CAT File No. W-1443-41
MoT File No. SAP-6504-C5319-29182
CIVIL AVIATION TRIBUNAL
Minister of Transport, Applicant
- and -
Buffalo Airways Ltd., Respondent
Aeronautics Act, S.C., c.A-2, s.7.7
Canadian Aviation Regulations, SOR/96-433, s. 703, 704, 705.43(2)
Safety Briefing of Passengers, Due Diligence, Defenses
Faye H. Smith
Decision: September 23, 1997
Subsection 705.43(2) of the Canadian Aviation Regulations requires that air operators ensure that required safety briefings be given in English and in French. No exception or exemption was sought or given in this case. I have no option but to confirm the decision of the Minister of Transport to assess a penalty in the amount of $500.00. This amount is to be made payable to the Receiver General for Canada and received by the Civil Aviation Tribunal within fifteen days of service of this Determination.
This matter came on for a Review Hearing at the offices of Indian and Northern Affairs Canada, Yellowknife, N.W.T., September 16, 1997 at 10:00 hours.
At the commencement of the hearing Mr. MacNab made a motion to amend the Notice of Assessment of Monetary Penalty to delete the reference to "Designated Provisions Regulations, SOR/86-596 (Air Regulations, Series 1, Number 3)" and to substitute "Canadian Aviation Regulations, section 103.08, Designated Provisions." There was no objection, and the motion to amend was granted.
Subsections 705.43(1) and (2) of the Canadian Aviation Regulations (CARs):
705.43 (1) An air operator shall ensure that passengers are given a safety briefing in accordance with the Commercial Air Service Standards.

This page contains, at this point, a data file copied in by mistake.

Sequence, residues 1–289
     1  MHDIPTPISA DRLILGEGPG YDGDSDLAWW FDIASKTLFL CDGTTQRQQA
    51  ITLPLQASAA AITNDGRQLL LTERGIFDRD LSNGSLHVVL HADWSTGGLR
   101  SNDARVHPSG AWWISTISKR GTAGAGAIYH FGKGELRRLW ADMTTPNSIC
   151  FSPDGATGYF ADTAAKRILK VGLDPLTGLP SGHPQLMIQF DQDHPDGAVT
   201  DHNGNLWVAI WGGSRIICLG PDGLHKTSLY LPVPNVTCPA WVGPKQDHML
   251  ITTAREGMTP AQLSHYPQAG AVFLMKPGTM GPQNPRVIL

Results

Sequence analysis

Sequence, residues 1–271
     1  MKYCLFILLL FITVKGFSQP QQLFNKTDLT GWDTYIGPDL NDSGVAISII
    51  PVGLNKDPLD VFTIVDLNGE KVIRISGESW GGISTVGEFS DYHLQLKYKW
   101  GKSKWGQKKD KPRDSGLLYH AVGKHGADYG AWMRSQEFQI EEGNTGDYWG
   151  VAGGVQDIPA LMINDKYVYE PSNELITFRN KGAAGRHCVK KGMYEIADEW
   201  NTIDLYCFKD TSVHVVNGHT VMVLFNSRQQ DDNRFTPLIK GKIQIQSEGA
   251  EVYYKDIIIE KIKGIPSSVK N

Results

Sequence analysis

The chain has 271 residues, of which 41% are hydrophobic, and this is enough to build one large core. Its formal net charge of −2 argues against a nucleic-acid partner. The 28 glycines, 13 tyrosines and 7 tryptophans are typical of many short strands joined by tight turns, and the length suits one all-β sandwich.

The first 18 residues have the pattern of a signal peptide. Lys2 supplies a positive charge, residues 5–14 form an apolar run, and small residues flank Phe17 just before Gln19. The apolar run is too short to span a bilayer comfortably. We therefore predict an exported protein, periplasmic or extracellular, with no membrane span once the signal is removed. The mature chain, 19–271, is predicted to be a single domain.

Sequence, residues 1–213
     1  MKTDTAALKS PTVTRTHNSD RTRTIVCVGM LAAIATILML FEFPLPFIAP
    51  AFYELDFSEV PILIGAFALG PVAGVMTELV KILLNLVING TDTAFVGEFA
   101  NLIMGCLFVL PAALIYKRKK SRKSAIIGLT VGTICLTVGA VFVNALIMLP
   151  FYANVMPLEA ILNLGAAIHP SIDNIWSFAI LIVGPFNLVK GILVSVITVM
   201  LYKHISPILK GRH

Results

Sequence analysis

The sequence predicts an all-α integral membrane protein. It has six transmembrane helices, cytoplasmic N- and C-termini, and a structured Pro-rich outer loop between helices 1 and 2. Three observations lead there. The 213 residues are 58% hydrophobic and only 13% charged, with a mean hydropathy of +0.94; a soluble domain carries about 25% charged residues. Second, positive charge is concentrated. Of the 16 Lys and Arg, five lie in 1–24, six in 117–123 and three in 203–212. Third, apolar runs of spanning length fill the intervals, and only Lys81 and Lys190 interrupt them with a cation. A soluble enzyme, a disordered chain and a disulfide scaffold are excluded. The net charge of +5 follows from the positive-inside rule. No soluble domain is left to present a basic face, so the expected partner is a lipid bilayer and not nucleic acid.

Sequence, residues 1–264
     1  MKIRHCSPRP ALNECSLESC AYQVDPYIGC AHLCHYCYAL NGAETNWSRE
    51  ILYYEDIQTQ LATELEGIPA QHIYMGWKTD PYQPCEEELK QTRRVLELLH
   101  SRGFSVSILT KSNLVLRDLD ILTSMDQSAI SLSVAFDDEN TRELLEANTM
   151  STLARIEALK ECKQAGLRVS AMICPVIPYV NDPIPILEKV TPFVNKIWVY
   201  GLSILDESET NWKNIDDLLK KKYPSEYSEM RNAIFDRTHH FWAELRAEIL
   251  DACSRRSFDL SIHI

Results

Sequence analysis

(2) An air operator shall ensure that the safety briefing referred to in subsection (1) is given in English and French.
CASE FOR THE MINISTER
Transport Canada's representative filed three Secretary's Certificates, one attesting to Buffalo Airways Ltd. being the registered owner of aircraft C-GPNR, a second being the Air Operator Certificate for that aircraft, as well as a third indicating that no authorization had been granted to permit the operation of DC-3 aeroplanes pursuant to sections 703 and 704 of the Canadian Aviation Regulations.
In addition to the documentary evidence filed, the Minister called one witness, Ms. Jennifer Johnston who is employed as a Regional Superintendent, Cabin Safety, Transport Canada Aviation, in Edmonton, Alberta. As part of her duties Ms. Johnston carries out inspections of airlines regarding cabin safety issues. She indicated by way of background that she has worked at Transport Canada for twelve years and prior to that time had been a flight attendant for eleven years.
Ms. Johnston recalled having notified Buffalo Airways Ltd. that she would be in Yellowknife and would be doing a routine inspection of the air carrier. She further indicated that Flight Number 171/172 referred to above was a commercial flight with passengers. She stated that she knew there were more than twenty seats as she recalled having counted them.
It was the evidence of Ms. Johnston that on November 13, 1996 she carried out an inspection of Buffalo Airways Flight 171/172 being a DC-3 registered as C-GPNR at Yellowknife (Fort Simpson – Yellowknife route). Ms. Johnston listed the deficiencies found in her inspection in a document signed by her following the inspection and filed as Exhibit M-1 being the Passenger Safety Cabin Inspections Report. The entry relevant to our hearing today is that: "safety announcements were not done in French language per CAR 705.43(2)."
It was the evidence of Ms. Johnston that all of the pre-flight and in-flight announcements were given in the English language only.